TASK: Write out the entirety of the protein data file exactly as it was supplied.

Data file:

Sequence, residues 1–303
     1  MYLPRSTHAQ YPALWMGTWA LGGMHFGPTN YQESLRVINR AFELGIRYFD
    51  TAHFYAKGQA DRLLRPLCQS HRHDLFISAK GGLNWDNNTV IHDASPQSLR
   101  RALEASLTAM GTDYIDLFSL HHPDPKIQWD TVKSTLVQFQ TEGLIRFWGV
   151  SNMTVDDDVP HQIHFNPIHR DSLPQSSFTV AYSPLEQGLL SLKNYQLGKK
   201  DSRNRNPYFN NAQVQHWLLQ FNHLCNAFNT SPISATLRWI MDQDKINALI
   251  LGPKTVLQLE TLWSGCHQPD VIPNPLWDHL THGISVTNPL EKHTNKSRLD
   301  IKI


Sequence, residues 1–303
     1  MYLPRSTHAQ YPALWMGTWA LGGMHFGPTN YQESLRVINR AFELGIRYFD
    51  TAHFYAKGQA DRLLRPLCQS HRHDLFISAK GGLNWDNNTV IHDASPQSLR
   101  RALEASLTAM GTDYIDLFSL HHPDPKIQWD TVKSTLVQFQ TEGLIRFWGV
   151  SNMTVDDDVP HQIHFNPIHR DSLPQSSFTV AYSPLEQGLL SLKNYQLGKK
   201  DSRNRNPYFN NAQVQHWLLQ FNHLCNAFNT SPISATLRWI MDQDKINALI
   251  LGPKTVLQLE TLWSGCHQPD VIPNPLWDHL THGISVTNPL EKHTNKSRLD
   301  IKI